Topic: International Justice
Establishing Performance Indicators for the International Criminal Court
This paper argues that any indicators developed by the ICC to assess its effectiveness should include operational indicators, Rome Statute system indicators, and impact indicators.
Civil Society Perspectives on Fact-finding and the International Criminal Court
Key findings from a consultation with civil society on fact-finding and the International Criminal Court.
Recent Developments at the Extraordinary Chambers in the Courts of Cambodia: October 2015
Cambodia's UN-backed tribunal is continuing the second trial of two surviving Khmer Rouge officials, but uncertainties remain over the course of two additional cases.
Two Steps Forward in the Patient Pursuit of Ill-Gotten Gains
Arrests in Panama and Spain highlight the role civil society can play in fighting the corruption and illicit financial flows now targeted in the new global development goals.
The Trial of Bemba et al. at the International Criminal Court
Read the background to the first trial at the International Criminal Court involving charges of corrupting witnesses appearing before the court.
The Trial of Bosco Ntaganda at the ICC
A summary of the main issues in the trial of Bosco Ntaganda before the International Criminal Court for with war crimes and crimes against humanity.
An ICC Investigation of Possible War Crimes in Palestine Could Benefit All Involved
The White House and Israel both oppose the court taking a role in the region, but the process holds tangible rewards for all parties.
A Legal Lifeline for Communities Threatened by Resource Development Projects Grantee Spotlight
Meet the volunteer legal experts ensuring that resource development doesn’t bulldoze people’s lives.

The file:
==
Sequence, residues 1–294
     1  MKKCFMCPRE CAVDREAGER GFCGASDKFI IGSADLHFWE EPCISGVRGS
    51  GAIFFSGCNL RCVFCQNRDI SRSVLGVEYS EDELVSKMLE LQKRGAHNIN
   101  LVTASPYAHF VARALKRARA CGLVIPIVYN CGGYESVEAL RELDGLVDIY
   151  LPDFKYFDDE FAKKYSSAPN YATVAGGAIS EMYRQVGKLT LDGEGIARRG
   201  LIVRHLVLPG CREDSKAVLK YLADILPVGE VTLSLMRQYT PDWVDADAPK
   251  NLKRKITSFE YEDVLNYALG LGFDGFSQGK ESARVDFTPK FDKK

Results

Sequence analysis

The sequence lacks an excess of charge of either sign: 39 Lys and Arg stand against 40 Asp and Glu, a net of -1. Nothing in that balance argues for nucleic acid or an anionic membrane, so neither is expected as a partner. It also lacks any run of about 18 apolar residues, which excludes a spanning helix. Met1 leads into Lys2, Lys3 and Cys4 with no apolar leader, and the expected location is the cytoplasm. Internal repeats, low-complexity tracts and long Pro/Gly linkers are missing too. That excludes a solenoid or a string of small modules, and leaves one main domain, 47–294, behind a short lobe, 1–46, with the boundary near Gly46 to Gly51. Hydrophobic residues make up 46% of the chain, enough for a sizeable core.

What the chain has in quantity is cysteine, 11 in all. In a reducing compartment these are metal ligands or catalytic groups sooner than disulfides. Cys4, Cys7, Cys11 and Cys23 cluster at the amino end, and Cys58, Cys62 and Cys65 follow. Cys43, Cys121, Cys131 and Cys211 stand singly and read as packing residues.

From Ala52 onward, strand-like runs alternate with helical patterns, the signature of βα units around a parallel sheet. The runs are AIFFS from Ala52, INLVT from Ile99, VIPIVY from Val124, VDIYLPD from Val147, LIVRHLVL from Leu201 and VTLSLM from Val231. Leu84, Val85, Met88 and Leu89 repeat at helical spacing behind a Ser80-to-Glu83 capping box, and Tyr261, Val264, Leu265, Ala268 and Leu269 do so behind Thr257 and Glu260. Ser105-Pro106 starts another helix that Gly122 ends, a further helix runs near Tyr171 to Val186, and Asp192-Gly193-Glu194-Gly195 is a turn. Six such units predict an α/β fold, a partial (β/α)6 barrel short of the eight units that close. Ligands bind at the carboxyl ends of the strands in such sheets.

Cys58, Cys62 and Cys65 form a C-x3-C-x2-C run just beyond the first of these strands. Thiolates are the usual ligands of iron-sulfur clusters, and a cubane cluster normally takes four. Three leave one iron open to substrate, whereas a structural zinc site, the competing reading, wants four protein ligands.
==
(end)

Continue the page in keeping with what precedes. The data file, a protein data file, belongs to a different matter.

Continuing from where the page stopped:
Recent Developments at the Extraordinary Chambers in the Courts of Cambodia: March 2015
This review covers developments in the second trial of two surviving Khmer Rouge senior leaders, Nuon Chea and Khieu Samphan, as well as moves by the Cambodian government to obstruct two new prosecutions.
Unfinished Business: Guatemala’s International Commission against Impunity
The International Commission against Impunity in Guatemala remains an “indispensable partner” in battle against organized criminality, according to this review of the performance of the UN-backed body.
For the First Time, a Woman Judge Heads the International Criminal Court
The election of Judge Silvia Fernandez as the first woman president of the International Criminal Court marks a significant step forward for the proper representation of women in the top ranks of international justice.
Beyond the Rios Montt Trial, Guatemala’s Search for Justice Continues
The hurdles facing the prosecution of a former military dictator on genocide charges show the complexities of coming to terms with horrific crimes of the past.
Case Watch: A Step Forward in Colombia’s Struggle for Truth
An Inter-American Court decision addresses abuses committed by the military in the aftermath of a bloody siege at Colombia’s main court building in 1985.
The UK Debate on Europe’s Human Rights Court: An Update
The outcome of the British debate over the European Court of Human Rights will have an impact on rights in the rest of Europe, and the rest of the world.
Statement to the 13th Session of the Assembly of States Parties New York, December 2014
In a statement to the body that controls the International Criminal Court, the Open Society Justice Initiative has urged the creation of performance indicators for international justice.
Case Watch: Netherlands Liable over Iraq War Checkpoint Death
A case involving the shooting of an Iraqi civilian has added to a growing jurisprudence on the obligation to investigate human rights abuses in times of armed conflict abroad.
The Trial of Thomas Lubanga at the International Criminal Court: The Appeal Judgment
This briefing paper sets the stage for the ICC’s judgment on December 1, 2014, on the appeal of Thomas Lubanga, summarizing the main issues at stake.
Judicial Independence Under Threat in Guatemala
Recent events have shown that Guatemala’s justice system is still subject to powerful political and economic interests.
Justice in Guatemala: New Efforts, Continuing Threats
Almost 20 years after the end of Guatemala’s bitter civil war, victims of human rights atrocities are still waiting for offenders to be brought to justice. Their quest is now at a critical crossroads.
Trying Khmer Rouge Leaders Twice: A Guide for the Perplexed
Cambodia’s Khmer Rouge tribunal has begun a second trial on charges including genocide of two aged former Khmer Rouge senior leaders although both have already received life sentences for other crimes against humanity.